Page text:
Thursday, July 9, 2015
[This is a recent article I wrote for a publication.]
A Hoosier Riverman in the Mississippi Marine Brigade
By Ron Darrah
A collateral relative of mine, my 2nd great grand-uncle Alexander O'Neill, although born in Pittsburgh, Pennsylvania and raised in Monroe County, Ohio, had lived and died at New Albany in Floyd County, Indiana. I had researched his life and family some time ago and thought I had a pretty good handle on him. One item, though, remained an oddity.
While volunteering at the Indiana State Archives, I had come across a filmed card file of veterans with his name included. Since Alexander was born in 1811 and had been documented in New Albany continuously since about 1830, I couldn't figure what kind of military service he might have performed. For a long while I thought the card might be a mistake.
Then, while researching in the Fold3 website database, I found the answer: Alexander served in the Civil War as a steamboat engineer in the Mississippi Marine Brigade.
Since he was close to 50 years old, this fact seemed a bit strange, but I sent for his pension file and it was indeed true. Then I had to find out what exactly was this Marine Brigade. That story was intriguing, to say the least.
If you have studied the American Civil War for any time at all, you will have realized that the conflict was the king of the wildcat military industry. Nearly any bizarre and unorthodox plan for winning the war could get funding and manpower from either side. Submarines, observation balloons, metal ships, machine guns, and railroad cannons were only a few of the new ideas developed during the war.
The Mississippi Marine Brigade was in the same category, a steamboat-based military strike force that could be quickly transported to many parts of the Confederacy and could attack multiple targets in a very short time. A study of the American conduct of the Second World War bring up many parallels to this system.
In 1862 Colonel Charles Ellet, Jr., an Army engineer developed the Union Ram Fleet, to test his unpopular theory that the enemy ships could be sunk by steamboats designed to collide with them and sink them with a large iron bow attachment. His theory was successful at the Battle of Memphis, but Colonel Ellet was killed in that engagement, ending his involvement.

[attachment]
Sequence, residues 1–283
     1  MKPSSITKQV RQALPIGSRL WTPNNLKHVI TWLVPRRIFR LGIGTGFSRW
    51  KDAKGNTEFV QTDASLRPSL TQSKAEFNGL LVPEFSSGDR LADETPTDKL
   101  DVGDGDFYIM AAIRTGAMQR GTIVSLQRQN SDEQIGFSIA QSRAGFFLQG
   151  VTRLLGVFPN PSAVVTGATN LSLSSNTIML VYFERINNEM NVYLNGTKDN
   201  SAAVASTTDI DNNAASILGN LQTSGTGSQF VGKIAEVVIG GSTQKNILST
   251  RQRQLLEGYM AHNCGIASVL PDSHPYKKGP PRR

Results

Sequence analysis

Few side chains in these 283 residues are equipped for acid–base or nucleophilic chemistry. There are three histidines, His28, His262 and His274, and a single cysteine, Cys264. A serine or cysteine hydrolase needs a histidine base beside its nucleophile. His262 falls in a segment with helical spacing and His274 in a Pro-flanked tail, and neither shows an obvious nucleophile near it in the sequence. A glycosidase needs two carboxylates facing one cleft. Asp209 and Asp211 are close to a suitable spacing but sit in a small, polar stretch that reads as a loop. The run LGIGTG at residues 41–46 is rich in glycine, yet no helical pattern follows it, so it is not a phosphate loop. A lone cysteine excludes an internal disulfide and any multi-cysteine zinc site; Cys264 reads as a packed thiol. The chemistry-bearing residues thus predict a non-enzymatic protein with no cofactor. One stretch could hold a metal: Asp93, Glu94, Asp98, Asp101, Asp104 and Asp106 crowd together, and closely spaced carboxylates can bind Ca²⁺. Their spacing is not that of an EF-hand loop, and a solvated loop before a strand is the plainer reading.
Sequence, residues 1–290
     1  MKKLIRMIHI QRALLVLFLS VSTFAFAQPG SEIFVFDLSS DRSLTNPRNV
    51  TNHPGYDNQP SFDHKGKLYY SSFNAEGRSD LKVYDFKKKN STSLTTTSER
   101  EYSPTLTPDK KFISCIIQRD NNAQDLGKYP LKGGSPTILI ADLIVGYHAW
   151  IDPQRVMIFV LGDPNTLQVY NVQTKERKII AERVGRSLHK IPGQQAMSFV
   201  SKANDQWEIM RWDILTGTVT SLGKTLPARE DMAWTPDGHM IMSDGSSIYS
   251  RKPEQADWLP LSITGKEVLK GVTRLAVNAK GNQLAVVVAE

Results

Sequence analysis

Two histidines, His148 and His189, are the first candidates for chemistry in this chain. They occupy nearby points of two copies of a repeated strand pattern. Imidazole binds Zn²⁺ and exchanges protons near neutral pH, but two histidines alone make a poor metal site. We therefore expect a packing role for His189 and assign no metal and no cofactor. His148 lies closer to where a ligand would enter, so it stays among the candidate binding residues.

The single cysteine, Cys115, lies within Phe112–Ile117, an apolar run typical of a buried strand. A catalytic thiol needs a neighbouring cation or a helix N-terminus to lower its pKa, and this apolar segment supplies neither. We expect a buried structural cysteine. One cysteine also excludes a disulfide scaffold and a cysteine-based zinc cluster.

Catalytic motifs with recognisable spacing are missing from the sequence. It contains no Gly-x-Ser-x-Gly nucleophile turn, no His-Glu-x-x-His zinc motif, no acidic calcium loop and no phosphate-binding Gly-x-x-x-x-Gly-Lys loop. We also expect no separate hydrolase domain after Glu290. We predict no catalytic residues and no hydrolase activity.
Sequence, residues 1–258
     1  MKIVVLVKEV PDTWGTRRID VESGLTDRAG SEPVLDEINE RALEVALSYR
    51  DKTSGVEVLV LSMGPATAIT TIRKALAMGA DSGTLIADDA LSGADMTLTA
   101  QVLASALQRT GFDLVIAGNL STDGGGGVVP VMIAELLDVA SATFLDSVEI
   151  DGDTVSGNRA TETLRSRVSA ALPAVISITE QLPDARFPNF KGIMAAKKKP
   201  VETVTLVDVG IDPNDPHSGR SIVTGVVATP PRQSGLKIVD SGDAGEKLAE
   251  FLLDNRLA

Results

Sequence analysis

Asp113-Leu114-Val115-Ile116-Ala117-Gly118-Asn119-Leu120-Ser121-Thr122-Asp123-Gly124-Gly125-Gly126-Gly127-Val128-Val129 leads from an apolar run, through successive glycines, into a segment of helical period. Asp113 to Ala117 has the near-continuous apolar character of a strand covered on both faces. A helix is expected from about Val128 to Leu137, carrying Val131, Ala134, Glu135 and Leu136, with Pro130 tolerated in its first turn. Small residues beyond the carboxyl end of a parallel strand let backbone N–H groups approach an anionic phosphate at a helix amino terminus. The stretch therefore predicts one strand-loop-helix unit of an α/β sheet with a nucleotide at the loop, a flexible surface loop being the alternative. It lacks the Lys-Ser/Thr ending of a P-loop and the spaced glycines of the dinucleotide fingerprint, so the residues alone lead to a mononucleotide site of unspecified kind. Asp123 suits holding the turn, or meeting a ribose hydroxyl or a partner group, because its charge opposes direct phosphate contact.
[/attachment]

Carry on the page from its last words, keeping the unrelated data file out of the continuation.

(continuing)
In early 1863 his brother, Brigadier General Alfred W. Ellet, created a hybrid unit for raiding operations against the Confederacy. It was a water-borne force that was not part of the Navy; it was an Army force and not part of the Marines; it operated on a number of southern rivers, not just the Mississippi. The two commanders and their men were essentially a form of early Special Forces and often reported directly to the Secretary of War and not the Army or Navy field officers.
Both Ellet brothers, operating in a freewheeling manner, had trouble recruiting men for their boats. They frequently resorted to unorthodox methods by signing up convalescent soldiers out of hospitals in St. Louis and by hiring African-Americans who often had good experience as steamboat crewmen on southern rivers prior to the war.
The MMB operated for little more than a year and managed to enrage both sides of the Civil War with its lack of discipline and aggressive pillaging tactics. Many of their steamboats were originally part of Charles Ellet’s Union Ram Fleet, and both groups often operated as little more than Ellet’s privateers and personal raiders.
New Albany’s Alexander O’Neill entered into this bizarre military adventure in the spring of 1863 and served until the spring of 1864. He was initially First Engineer on the steamboat USS Fulton and later the same on the USS Horner.
The Fulton was a 123-ton stern-wheel steamer that served as a support ship for the transports and rams. Typically this would involve making repairs, supplying parts, and carrying supplies and ammunition. Both the Fulton and the Horner were towboats, used as tenders and dispatch boats. They often moved barges of coal to keep the combat ships supplied.